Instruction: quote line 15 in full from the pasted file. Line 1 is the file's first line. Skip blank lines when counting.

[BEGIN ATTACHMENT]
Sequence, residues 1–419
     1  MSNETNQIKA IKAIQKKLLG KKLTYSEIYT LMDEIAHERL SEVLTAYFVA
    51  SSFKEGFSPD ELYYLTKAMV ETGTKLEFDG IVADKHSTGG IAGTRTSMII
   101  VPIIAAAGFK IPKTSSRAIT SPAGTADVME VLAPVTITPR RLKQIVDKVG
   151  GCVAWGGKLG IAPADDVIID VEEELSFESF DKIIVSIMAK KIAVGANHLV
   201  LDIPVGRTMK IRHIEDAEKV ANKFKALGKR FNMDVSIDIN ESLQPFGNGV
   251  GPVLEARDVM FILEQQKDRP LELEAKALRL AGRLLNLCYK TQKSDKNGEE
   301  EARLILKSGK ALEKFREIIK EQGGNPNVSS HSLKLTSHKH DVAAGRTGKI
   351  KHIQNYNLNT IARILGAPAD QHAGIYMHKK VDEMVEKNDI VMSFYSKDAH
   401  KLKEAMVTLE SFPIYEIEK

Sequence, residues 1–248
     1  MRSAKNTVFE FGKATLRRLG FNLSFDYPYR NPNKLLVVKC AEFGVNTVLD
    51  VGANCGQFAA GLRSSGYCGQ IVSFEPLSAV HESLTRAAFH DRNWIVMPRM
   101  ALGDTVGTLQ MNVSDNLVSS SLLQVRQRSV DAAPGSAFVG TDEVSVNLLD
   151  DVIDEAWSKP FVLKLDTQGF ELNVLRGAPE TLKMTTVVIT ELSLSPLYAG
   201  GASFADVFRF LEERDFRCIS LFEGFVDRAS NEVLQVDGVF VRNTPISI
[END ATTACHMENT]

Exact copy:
   151  DVIDEAWSKP FVLKLDTQGF ELNVLRGAPE TLKMTTVVIT ELSLSPLYAG